Vaping is the term used for smoking e-cigarettes or other similar devices. Vaping or E-Cigarettes have become a popular form of nicotine delivery, especially among teenagers and young adults. E-cigarettes and vaping devices work by heating up a liquid that contains nicotine, which creates a water vapor (or aerosol) that the user breathes in. While inhaling these vapors may not be as harmful as traditional smoking, vaping is still bad for your health.
These devices have a trendy design that doesn’t look or smell like the traditional cigarette, which tends to attract teens and young adults. Because these devices come in different flavorings like cherry or bubblegum, many think they’re just inhaling something that tastes good. This couldn’t be further from the truth. Why is Vaping still bad for you? Michael Blaha, M.D., M.P.H., the director of clinical research at the Johns Hopkins Ciccarone Center for the Prevention of Heart Disease, gave a clear answer to this common question. We have compiled answers for you from him, John Hopkins University and Samhsa.gov.
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1: Electronic Cigarettes Are Just As Addictive As Traditional Ones
Both e-cigarettes and regular cigarettes contain nicotine, which research suggests may be as addictive as heroin and cocaine. What’s worse, says Blaha, many e-cigarette users get even more nicotine than they would from a tobacco product — you can buy extra-strength cartridges, which have a higher concentration of nicotine, or you can increase the e-cigarette’s voltage to get a greater hit of the substance.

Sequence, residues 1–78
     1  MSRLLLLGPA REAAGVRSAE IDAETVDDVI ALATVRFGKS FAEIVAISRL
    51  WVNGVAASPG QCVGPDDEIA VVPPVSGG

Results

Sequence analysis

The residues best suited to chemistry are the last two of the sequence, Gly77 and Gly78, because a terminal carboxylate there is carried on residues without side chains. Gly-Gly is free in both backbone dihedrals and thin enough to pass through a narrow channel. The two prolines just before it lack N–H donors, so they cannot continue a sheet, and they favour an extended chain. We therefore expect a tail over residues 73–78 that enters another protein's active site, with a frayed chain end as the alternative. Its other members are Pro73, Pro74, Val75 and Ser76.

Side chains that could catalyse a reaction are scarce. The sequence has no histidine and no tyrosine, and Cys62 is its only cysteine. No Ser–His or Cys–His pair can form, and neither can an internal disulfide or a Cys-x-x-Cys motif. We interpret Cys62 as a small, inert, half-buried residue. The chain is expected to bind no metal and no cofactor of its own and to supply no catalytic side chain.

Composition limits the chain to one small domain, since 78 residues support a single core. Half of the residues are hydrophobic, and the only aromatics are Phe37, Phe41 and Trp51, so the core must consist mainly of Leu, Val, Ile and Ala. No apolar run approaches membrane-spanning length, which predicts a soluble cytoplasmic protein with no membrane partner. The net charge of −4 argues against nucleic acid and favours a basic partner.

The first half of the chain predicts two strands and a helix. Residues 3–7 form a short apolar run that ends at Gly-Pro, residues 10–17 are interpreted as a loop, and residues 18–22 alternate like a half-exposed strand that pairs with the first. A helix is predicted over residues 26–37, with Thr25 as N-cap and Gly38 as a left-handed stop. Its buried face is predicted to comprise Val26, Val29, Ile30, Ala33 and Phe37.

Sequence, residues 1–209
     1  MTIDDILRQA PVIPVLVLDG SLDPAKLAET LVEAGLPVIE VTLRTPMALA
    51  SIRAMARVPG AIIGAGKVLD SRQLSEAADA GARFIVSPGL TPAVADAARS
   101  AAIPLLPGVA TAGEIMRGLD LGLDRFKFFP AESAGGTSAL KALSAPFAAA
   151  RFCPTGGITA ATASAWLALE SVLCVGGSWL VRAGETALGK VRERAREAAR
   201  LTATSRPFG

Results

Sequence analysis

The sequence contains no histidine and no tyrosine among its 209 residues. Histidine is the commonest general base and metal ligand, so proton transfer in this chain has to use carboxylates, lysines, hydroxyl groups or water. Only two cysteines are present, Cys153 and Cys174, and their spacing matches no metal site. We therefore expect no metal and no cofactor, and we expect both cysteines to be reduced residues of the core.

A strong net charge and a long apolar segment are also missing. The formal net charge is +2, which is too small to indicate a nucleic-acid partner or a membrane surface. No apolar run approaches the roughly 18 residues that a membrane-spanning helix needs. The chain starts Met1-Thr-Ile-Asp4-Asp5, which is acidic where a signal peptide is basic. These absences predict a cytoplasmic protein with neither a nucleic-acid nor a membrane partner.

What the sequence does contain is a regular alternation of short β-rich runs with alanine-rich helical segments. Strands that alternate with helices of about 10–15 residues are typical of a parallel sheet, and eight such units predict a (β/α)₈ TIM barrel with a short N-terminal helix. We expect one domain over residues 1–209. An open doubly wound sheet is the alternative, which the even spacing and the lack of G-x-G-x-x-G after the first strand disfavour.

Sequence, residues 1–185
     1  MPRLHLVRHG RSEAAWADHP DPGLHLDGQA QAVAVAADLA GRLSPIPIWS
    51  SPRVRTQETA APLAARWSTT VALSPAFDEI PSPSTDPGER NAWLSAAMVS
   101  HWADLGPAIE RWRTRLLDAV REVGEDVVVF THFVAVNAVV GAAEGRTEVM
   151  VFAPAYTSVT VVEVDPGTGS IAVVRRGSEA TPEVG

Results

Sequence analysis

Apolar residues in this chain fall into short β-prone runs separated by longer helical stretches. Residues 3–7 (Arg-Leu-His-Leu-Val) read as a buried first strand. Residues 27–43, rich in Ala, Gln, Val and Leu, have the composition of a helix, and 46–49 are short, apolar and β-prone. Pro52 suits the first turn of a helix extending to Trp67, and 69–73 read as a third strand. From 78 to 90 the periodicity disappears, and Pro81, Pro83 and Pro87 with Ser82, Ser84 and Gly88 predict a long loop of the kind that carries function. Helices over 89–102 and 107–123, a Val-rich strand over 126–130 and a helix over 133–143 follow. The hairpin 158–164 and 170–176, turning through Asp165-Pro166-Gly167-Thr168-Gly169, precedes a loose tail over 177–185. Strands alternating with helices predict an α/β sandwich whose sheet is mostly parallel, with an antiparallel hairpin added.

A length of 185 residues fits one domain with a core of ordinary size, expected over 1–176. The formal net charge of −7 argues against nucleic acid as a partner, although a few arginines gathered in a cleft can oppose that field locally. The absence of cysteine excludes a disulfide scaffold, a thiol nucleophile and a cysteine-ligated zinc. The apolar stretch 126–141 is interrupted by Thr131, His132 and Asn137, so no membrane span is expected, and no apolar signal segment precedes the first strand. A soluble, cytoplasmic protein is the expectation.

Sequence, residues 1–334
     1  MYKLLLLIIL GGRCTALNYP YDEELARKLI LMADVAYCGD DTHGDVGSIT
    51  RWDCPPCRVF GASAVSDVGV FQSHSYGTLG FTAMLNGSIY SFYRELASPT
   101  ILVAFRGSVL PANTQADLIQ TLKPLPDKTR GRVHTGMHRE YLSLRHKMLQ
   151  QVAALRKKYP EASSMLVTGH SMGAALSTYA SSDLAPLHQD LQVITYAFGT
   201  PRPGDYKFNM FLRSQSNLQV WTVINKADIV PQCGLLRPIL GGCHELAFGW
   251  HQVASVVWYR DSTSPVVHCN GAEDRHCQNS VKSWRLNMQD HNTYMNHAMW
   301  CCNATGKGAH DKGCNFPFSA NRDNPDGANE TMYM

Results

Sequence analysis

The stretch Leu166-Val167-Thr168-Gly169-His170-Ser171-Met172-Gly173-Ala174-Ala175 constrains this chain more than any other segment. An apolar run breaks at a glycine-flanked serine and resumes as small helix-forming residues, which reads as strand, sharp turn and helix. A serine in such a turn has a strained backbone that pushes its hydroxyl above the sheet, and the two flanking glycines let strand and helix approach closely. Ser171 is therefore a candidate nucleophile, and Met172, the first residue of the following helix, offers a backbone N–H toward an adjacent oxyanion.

2: Research Suggests Vaping is Bad for Your Heart and Lungs
Nicotine is the primary agent in both regular cigarettes and e-cigarettes, and it is highly addictive. It causes you to crave a smoke and suffer withdrawal symptoms if you ignore the craving. Nicotine is also a toxic substance. It raises your blood pressure and spikes your adrenaline, which increases your heart rate and the likelihood of having a heart attack.
Is vaping bad for you? There are many unknowns about vaping, including what chemicals make up the vapor and how they affect physical health over the long term. “People need to understand that e-cigarettes are potentially dangerous to your health,” says Dr. Michael Blaha of John Hopkins Medicine. “Emerging data suggests links to chronic lung disease and asthma, and associations between dual use of e-cigarettes and smoking with cardiovascular disease. You’re exposing yourself to all kinds of chemicals that we don’t yet understand and that are probably not safe.”
3: Vaping Is Less Harmful Than Smoking, But It’s Still Not Safe
E-cigarettes heat nicotine (extracted from tobacco), flavorings and other chemicals to create an aerosol that you inhale. Regular tobacco cigarettes contain 7,000 chemicals, many of which are toxic. While we don’t know exactly what chemicals are in e-cigarettes, Blaha says “there’s almost no doubt that they expose you to fewer toxic chemicals than traditional cigarettes.”
However, there has also been an outbreak of lung injuries and deaths associated with vaping. As of Jan. 21, 2020, the Centers for Disease Control and Prevention (CDC) confirmed 60 deaths in patients with e-cigarette, or vaping, product use associated lung injury (EVALI).